Sovereignty and Indigenous Peoples

Subject 191-538 (2008)

Note: This is an archived Handbook entry from 2008.Search for this in the current handbook

Credit Points: 12.500
Level: Graduate/Postgraduate
Dates & Locations:

This subject is not offered in 2008.

Time Commitment: Contact Hours: A two-hour seminar each week
Total Time Commitment: Not available
Prerequisites: None
Corequisites: None
Recommended Background Knowledge: None
Non Allowed Subjects: None
Core Participation Requirements:

For the purposes of considering request for Reasonable Adjustments under the Disability Standards for Education (Cwth 2005), and Student Support and Engagement Policy, academic requirements for this subject are articulated in the Subject Overview, Learning Outcomes, Assessment and Generic Skills sections of this entry.

It is University policy to take all reasonable steps to minimise the impact of disability upon academic study, and reasonable adjustments will be made to enhance a student's participation in the University's programs. Students who feel their disability may impact on meeting the requirements of this subject are encouraged to discuss this matter with a Faculty Student Adviser and Student Equity and Disability Support:


Dr J Evans
Subject Overview:

This subject examines the historical underpinnings of the contemporary over-representation of Indigenous peoples in the criminal justice systems of settler states (including Australia, New Zealand, Canada and the United States of America). It introduces students to the history of Law's relation to Indigenous peoples and its responsiveness to colonialism from the fifteenth century. In particular, the subject explores connections between European notions of sovereignty, the idea of race and the historical experiences of Indigenous peoples, including the legal and criminological frameworks of dispossession and nation-building. This subject enables students to develop a critical appreciation of the historical, social, cultural, ethical and economic contexts of Law's relation to Indigenous peoples and to bring this knowledge to bear on current concerns, particularly in the Australian context.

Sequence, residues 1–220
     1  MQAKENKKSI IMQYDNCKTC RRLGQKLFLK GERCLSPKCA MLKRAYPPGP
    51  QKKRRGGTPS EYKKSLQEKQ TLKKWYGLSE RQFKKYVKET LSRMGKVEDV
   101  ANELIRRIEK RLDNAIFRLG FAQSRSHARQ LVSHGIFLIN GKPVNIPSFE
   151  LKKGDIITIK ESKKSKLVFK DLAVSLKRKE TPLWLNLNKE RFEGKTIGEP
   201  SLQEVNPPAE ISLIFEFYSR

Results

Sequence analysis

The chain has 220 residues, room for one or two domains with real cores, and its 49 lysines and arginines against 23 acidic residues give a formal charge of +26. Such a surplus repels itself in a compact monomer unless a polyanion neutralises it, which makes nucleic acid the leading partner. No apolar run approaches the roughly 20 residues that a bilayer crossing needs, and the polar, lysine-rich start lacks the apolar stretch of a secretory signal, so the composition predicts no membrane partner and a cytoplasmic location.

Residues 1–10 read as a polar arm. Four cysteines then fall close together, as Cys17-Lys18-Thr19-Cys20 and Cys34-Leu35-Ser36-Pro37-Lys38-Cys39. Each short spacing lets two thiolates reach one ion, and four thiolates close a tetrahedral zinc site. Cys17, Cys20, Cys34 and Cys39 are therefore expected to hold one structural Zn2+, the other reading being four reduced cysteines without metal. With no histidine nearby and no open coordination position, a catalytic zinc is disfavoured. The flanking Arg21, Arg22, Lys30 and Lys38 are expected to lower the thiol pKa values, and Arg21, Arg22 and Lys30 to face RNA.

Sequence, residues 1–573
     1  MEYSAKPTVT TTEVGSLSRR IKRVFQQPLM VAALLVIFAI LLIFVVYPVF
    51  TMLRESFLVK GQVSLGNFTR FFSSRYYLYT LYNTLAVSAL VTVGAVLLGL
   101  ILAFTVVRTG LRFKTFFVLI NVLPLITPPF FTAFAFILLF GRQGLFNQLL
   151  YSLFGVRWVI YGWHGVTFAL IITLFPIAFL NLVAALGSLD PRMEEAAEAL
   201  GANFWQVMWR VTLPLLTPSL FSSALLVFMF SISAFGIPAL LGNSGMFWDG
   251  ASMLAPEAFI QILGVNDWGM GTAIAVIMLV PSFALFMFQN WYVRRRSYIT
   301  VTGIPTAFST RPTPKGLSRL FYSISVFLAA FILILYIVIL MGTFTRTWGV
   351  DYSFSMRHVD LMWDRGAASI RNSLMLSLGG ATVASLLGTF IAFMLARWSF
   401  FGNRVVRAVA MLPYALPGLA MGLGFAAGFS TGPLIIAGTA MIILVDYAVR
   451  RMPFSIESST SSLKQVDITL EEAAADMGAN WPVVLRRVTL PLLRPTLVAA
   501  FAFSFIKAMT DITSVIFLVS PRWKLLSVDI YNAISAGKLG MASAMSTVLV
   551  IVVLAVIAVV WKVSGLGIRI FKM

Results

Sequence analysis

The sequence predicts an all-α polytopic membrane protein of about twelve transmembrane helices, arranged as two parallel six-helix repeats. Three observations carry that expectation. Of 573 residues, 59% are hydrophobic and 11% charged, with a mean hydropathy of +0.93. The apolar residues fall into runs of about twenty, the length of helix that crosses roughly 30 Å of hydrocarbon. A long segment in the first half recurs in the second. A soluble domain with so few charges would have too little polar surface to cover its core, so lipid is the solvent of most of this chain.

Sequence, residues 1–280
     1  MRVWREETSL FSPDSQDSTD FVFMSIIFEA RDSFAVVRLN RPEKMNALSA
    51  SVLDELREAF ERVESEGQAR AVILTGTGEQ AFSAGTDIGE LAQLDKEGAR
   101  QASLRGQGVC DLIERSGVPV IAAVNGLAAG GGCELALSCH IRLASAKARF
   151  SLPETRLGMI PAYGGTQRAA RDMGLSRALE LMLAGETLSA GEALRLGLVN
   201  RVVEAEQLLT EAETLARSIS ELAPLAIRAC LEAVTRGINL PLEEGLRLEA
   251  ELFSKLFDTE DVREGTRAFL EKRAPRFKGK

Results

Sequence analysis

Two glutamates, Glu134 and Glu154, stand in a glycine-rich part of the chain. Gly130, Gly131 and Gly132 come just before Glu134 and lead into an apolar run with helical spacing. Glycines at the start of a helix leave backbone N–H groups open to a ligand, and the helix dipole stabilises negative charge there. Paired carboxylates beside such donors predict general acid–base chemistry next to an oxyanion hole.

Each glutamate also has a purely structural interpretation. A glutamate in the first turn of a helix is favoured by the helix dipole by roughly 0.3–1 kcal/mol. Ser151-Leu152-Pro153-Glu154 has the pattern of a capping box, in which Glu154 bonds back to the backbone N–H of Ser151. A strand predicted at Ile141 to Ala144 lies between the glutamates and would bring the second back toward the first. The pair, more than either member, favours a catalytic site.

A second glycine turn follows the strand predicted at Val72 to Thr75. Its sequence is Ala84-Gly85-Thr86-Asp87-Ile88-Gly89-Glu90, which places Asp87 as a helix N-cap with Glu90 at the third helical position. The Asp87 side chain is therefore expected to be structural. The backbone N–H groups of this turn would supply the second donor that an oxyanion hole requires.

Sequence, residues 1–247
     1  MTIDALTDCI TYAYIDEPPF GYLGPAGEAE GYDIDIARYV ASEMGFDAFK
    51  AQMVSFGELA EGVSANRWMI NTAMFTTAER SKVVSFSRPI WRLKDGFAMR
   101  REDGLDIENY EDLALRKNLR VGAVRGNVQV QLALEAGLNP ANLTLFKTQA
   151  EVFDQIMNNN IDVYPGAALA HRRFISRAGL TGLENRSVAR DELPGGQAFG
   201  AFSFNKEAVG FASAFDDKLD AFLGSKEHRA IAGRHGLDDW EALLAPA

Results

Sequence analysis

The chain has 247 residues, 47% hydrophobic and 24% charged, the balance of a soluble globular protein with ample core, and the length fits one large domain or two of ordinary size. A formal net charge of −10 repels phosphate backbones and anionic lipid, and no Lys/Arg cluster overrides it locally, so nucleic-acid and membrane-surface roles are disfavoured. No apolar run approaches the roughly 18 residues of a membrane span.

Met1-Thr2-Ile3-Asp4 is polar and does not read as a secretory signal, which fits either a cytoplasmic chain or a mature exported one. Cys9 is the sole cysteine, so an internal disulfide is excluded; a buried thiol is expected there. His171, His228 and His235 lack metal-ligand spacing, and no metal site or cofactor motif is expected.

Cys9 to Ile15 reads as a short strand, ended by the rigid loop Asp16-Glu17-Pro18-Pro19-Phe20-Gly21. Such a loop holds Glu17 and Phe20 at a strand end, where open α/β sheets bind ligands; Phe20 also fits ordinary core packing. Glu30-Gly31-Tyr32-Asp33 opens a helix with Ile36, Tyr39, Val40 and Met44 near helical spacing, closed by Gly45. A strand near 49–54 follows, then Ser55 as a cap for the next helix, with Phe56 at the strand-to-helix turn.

Assessment: An essay of 3000 words due at the end of semester (70%). A 2000 word journal of critical annotations of set readings due at the end of semester (30%).
Prescribed Texts: Prescribed Texts:A subject reader will be available from the University Bookshop.
Breadth Options:

This subject is not available as a breadth subject.

Fees Information: Subject EFTSL, Level, Discipline & Census Date
Generic Skills:
  • to demonstrate the capacity to think in theoretical terms;

  • to demonstrate advanced skills in critical thinking and analysis;

  • to demonstrate the capacity to apply theoretical and historical thinking to the analysis of contemporary social issues.

Notes: This subject was previously title Law, Race and Indigenous Peoples.
Related Course(s): Master of Criminology (CWT)
Postgraduate Diploma in Arts (Criminology)
Postgraduate Diploma in Arts (Socio-Legal Studies)

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